Tuesday, September 21, 2010

Four-Play: Great Music Here at Home

© Andrea Canter

I might have expected a music let-down after three days of nonstop jazz at the Detroit Jazz Festival. But this past week was a festival of its own, and I only needed to drive 10-20 minutes from home. And it was easily as eclectic as any jazz festival.

September 12, Turtle Island Quartet. The coolest group of strings on the planet played to a full house, validating the appeal of classically trained string players improvising on Jimi Hendrix tunes in the context of a jazz club (The Dakota). Attired in jeans, not tails, the quartet played two sets, drawing heavily from their new release, Have You Ever Been…?, the music that violinist David Balikrishnan and cellist Mark Summer heard coming of age, well before the births of their younger cohorts, violinist Mads Tolling and violist Jeremy Kittel. But they were all clearly of the same mind on stage, bringing an orchestral elegance to 60s rock and material from Hendrix’s Electric Ladyland , as well as some favorites from Chick Corea and Fleetwood Mac and Balakrishnan’s own suite, a commission dedicated to Charles Darwin and Origin of the Species. The group cohesion was inspiring, but so was Mark Summer’s solo on Hendrix’s “Little Wing,” where he noted he simultaneously needed to be cello, bass and drum. And listening to Bob Dylan’s “Along the Watchtower,” why was I wondering how the TIQ would take on Bartok?

September 15, Chris Lomheim Trio’s Tribute to Bill Evans. Nearly every year, it seems, pianist Chris Lomheim holds a birthday party for his muse, Bill Evans. At the Artists Quarter this week, his trio also marked the 20th anniversary of Evans’ death. With Chris Bates on bass and Jay Epstein on drums, elegance and fluidity were in abundance. Lomheim knows the Evans repertoire better than anyone around here, and as a result, we get to hear compositions that are seldom played on local stages, maybe on any stages. They opened with the appropriate swinger, “The Opener” followed by a piece dedicated to Orrin Keepnews, “Re: Person I Knew.” Chris often plays “But Beautiful” and “Funk-a-lero,” the former a Van Heusen standard and Evans favorite which showcases Chris’s exquisite touch, the latter as close to Monk as Evans could be and filled with delightful rhythmic quirks. That Lomheim touch, that clean articulation graced Kern’s “Up With the Lark,” with Bates and Epstein bringing their voices together like extra-terrestial bells, while the trio’s rendering of Jimmy Rowles’ “The Peacocks” was simply stunning. Happy Birthday, Bill.

September 17, Jazz Crusaders. I had doubts that I should have spent the money on this show, reuniting Joe Sample with Wayne Henderson of the original Jazz Crusaders. Wilton Felder would have rounded out the original group’s core but health issues forced him to sit out this tour, and in his place, saxophonist Gerald Albright was given special guest billing at the Dakota. I must have heard the original band in the 60s but have no specific memory of the music. Given the R&B and soul bent of the band in its later years, I was skeptical. Adding Albright, I feared, would only push it farther into what is known as “contemporary” music. I was wrong. Sure, the music was definitely soulful, but there was a lot of grooving hard bop and burning soloing from Sample, Henderson and Albright, some agile basslines from Reggie Sullivan, and a pyrotechnic drum display from Morris Lucas. Sure, they played expected hits like “Young Rabbits” and “Way Back Home,” but as I heard someone say as the applause died down, “I’ll never hear ‘Eleanor Rigby’ the same again.” Interspersed among the barnburners, Joe Sample proved to be an engaging storyteller, recalling the political, social and cultural times of the 60s. It was a bit like a journey through a time warp, taking us back to the music that stirred crowds of a cross-section of America, music that made you want to get up and dance, get up and sing, just get up and cut loose. It was jazz that was still popular music, even as the Beatles were redefining pop and rock. And Albright? He fit in perfectly and blew some pretty spectacular solos. Lowell Pickett announced he is working to find a date for Albright and his own band. Sign me up.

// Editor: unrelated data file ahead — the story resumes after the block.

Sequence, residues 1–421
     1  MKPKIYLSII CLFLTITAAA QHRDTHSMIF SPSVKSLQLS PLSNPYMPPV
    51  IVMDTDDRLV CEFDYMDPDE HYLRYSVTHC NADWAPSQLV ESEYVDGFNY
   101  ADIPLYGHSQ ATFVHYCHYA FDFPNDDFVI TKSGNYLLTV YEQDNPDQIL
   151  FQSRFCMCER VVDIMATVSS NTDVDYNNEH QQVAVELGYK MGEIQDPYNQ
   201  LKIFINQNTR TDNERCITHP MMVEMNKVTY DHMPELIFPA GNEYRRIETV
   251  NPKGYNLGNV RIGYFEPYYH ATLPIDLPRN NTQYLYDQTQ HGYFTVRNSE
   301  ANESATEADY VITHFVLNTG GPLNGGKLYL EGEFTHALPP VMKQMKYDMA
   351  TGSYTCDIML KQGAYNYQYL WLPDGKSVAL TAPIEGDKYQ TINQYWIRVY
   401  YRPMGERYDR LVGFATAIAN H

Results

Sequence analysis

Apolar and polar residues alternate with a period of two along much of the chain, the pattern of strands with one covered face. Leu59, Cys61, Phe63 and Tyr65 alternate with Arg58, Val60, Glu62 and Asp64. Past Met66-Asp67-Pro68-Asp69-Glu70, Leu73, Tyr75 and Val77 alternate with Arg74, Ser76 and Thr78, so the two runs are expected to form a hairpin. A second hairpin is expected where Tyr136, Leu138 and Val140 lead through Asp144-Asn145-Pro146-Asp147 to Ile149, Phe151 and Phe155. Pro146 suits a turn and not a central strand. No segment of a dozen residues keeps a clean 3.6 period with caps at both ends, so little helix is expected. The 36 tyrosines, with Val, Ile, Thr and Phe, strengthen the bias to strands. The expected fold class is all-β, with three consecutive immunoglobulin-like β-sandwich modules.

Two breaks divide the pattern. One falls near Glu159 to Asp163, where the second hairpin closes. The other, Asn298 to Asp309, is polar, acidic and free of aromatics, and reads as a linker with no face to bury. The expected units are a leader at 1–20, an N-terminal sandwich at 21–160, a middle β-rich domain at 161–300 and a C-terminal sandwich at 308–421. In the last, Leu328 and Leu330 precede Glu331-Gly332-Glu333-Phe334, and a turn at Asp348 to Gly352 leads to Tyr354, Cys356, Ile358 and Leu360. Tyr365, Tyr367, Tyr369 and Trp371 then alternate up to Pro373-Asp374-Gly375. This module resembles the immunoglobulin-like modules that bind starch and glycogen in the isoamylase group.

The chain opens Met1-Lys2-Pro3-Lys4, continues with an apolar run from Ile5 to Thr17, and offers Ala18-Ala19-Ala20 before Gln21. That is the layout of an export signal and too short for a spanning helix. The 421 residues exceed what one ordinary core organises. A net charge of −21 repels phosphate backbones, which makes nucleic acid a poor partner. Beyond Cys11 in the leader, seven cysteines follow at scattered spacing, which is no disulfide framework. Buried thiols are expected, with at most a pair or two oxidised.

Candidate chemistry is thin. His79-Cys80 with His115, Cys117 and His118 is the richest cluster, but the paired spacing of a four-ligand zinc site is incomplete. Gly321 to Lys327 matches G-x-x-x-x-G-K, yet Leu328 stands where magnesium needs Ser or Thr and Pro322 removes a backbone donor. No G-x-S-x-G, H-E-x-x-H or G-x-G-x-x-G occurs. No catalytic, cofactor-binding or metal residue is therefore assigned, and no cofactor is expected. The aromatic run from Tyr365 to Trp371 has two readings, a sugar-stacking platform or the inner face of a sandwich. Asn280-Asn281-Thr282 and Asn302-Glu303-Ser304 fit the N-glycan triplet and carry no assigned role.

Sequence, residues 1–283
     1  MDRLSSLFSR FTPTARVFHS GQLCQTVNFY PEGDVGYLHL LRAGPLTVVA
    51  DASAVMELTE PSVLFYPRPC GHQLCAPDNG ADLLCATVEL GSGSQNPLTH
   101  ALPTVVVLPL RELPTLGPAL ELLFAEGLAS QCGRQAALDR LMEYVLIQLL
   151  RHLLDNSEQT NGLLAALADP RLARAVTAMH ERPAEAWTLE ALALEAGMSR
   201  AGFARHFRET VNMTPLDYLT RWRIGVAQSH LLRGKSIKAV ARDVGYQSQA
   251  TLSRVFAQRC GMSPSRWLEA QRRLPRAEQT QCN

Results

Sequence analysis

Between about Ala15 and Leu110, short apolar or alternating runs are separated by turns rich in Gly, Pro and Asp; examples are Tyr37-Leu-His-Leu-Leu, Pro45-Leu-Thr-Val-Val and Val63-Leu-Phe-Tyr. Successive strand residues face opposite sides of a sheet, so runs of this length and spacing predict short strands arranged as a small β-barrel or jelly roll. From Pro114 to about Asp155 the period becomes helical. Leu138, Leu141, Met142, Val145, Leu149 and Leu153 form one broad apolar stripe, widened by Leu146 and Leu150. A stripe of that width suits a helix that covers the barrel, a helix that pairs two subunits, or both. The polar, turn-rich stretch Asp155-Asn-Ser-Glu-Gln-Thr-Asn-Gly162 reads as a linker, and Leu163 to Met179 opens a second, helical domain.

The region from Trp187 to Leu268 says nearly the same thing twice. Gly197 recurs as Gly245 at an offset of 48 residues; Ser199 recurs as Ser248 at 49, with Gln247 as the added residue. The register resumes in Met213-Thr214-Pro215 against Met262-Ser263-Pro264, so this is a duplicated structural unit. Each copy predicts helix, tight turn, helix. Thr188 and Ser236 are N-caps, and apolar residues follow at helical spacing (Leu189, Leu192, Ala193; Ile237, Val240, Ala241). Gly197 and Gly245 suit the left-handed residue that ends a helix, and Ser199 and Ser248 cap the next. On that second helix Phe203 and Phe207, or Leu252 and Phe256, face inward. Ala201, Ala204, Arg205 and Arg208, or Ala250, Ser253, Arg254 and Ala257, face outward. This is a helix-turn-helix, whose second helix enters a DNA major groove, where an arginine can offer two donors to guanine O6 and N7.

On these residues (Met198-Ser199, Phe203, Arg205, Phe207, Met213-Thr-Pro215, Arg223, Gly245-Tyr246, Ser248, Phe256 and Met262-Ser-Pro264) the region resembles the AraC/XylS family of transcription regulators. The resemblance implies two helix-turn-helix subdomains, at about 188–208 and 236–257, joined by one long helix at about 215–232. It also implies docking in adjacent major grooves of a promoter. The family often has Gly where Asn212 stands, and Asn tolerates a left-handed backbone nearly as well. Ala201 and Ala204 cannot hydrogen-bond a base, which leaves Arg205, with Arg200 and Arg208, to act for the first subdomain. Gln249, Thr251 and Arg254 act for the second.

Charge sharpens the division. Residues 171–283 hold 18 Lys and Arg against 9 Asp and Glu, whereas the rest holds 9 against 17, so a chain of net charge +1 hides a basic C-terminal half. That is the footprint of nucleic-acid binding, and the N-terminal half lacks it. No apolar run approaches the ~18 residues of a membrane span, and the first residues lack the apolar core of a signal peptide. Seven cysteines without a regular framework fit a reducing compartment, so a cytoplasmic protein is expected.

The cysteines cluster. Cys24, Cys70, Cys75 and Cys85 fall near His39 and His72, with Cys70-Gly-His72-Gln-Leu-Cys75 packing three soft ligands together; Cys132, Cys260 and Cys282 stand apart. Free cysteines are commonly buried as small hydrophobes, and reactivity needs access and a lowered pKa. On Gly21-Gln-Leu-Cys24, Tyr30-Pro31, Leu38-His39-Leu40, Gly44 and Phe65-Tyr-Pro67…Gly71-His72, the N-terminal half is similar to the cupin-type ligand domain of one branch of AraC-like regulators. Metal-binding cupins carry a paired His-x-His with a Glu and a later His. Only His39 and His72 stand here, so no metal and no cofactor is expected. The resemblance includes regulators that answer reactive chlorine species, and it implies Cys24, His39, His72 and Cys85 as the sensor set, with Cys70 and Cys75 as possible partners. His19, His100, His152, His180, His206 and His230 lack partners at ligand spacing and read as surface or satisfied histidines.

September 18, The Atlantis Quartet. I’ve enjoyed this local ensemble since I first heard them about four years ago. In addition to composing some of the most interesting new music in town, Atlantis is building a reputation for its reworkings of classic recordings, from John Coltrane’s A Love Supreme to Herbie Hancock’s The Head Hunters, and soon (on Halloween, of course), they will perform in full Led Zeppelin’s Houses of the Holy. Last weekend at the Artists Quarter, Zacc Harris, Brandon Wozniak, Chris Bates and Pete Hennig performed compositions from their first two recordings as well as some new material. Wozniak is high on my list of horn players, showing a wide range of moods and his own signatures on every tune, putting a lot of body language into each note. Harris, too, has evolved a personal sound, one of the most lyrical guitarists in the neighborhood. Chris Bates is everywhere these days, and is as adept at the melodic intricacies of Bill Evans as the rhythmic explorations of the AQ. And Pete Hennig—he’s a drummer I can watch all day, one who manages the exuberance of a toddler discovering new sounds with the sophistication of a seasoned artist.

Just another week of jazz in river city.

Photos (top to bottom): David Balikrishnan with Mads Tolling of the Turtle Island Quartet; Chris Lomheim celebrates Bill Evans; Wayne Henderson boned with funky energy with fellow Jazz Crusaders; Zacc Harris and Brandon Wozniak (Atlantis Quartet) dueled at the AQ. (All photos by Andrea Canter)